Friday, March 12, 2004
Hinglish or lost in translation?
Distress Digress Express reports (poorly):
"The outsourcing issue is raging in the US, with North Carolina planning to bring food stamping jobs back from India..."
It's not what it sounds like. No Indian was licking postage and sticking it to culinary delights. Nor were Indians using a rubber stamp and ink pad to mark the food. And I'm pretty sure that our brown brothers and sisters were not operating some machine that stamped out perfectly formed Freedom Fries for McDonalds. In reality: just another BPO (Business Process Outsourcing) was awarded to a low bidder in India, where Indian agents answered American callers with questions about American food stamps (social service vouchers used as payment for food). Personally, I'm impressed with any Indian that can explain American buracracy (something I, an American, wouldn't presume to spin).
Thursday, March 11, 2004
Indian not popular in U.S.
The U.S. Golden Dollar coin featuring Sacagawea, the 19th century Native American scout, has not caught on since its introduction in 2000. Proposed legisation will have the image replaced with U.S. presidents beginning in 2006.
IMHO, the successive failures of the Susan B. Anthony and Sacagawea dollar coins have little to do with imagery (regardless that all other U.S. currencies feature men). While in India, I met several usability experts who reminded me of what we called "manual system analysts" in the early 70s. This practical group would argue that the survival of dollar coins rests in the coin's function:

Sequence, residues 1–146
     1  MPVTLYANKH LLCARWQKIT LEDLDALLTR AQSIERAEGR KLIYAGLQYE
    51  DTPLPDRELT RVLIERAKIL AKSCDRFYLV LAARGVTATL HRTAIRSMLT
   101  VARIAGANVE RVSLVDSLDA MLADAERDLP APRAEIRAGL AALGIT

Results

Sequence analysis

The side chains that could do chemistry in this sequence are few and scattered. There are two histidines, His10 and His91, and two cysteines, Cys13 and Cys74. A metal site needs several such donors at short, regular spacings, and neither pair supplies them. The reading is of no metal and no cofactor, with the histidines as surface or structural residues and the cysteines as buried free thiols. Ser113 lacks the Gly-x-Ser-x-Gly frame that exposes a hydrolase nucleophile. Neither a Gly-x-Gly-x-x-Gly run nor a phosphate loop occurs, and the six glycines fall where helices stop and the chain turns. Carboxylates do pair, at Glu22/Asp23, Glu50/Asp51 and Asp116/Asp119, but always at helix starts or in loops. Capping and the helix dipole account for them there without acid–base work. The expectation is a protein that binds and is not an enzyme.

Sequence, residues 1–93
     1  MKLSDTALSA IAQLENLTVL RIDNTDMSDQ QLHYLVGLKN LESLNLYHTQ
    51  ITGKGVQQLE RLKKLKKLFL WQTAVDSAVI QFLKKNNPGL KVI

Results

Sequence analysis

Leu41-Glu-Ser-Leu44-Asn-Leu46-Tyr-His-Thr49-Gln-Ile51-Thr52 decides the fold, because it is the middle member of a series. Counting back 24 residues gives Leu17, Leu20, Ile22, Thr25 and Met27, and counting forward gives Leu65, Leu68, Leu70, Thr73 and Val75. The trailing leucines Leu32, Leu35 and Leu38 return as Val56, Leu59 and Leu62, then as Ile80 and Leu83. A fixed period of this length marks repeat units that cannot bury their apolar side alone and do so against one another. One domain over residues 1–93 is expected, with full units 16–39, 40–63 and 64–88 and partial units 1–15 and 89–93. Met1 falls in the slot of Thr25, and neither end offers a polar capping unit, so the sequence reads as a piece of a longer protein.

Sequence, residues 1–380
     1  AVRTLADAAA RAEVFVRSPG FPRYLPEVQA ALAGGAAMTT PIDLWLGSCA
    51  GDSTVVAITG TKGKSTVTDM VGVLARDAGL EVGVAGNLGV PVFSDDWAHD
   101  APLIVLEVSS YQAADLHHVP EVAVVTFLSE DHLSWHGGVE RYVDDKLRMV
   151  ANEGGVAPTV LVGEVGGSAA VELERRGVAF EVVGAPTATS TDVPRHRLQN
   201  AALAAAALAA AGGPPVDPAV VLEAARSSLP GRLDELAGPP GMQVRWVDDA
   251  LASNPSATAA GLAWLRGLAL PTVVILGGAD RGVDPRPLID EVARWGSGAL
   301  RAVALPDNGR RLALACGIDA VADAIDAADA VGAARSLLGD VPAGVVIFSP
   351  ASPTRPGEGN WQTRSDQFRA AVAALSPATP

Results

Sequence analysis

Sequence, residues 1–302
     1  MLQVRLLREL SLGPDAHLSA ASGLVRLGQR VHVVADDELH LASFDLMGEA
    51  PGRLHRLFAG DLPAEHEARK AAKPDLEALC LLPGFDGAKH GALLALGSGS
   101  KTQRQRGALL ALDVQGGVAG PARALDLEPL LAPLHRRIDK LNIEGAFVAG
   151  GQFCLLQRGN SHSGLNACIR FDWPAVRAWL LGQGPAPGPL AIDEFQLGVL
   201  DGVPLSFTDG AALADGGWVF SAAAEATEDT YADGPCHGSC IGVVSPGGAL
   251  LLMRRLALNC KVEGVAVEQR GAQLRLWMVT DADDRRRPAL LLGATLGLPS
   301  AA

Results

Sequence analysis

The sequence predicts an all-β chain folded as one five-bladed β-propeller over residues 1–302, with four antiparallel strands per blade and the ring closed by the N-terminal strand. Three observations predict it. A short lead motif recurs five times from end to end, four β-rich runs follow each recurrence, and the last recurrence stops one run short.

1. The recent size of dollar coins has been confusingly close to that of the "quarter dollar". Why has the U.S. Mint forgotten the larger size of the original "silver" dollars?
2. Users, however, don't necessarily like the weight and jingle of metal coins. Have wear-resistant plastic and ceramic been studied?
3. Gold goes beyond image into the realm of function. Gold has instant value and substance, whether molded into mookuththi (nose piercings) or coated onto astronaut's visors. Recent "golden" dollars have been closer to "bronze" colored. Electroplate the damn things with $1 worth of gold!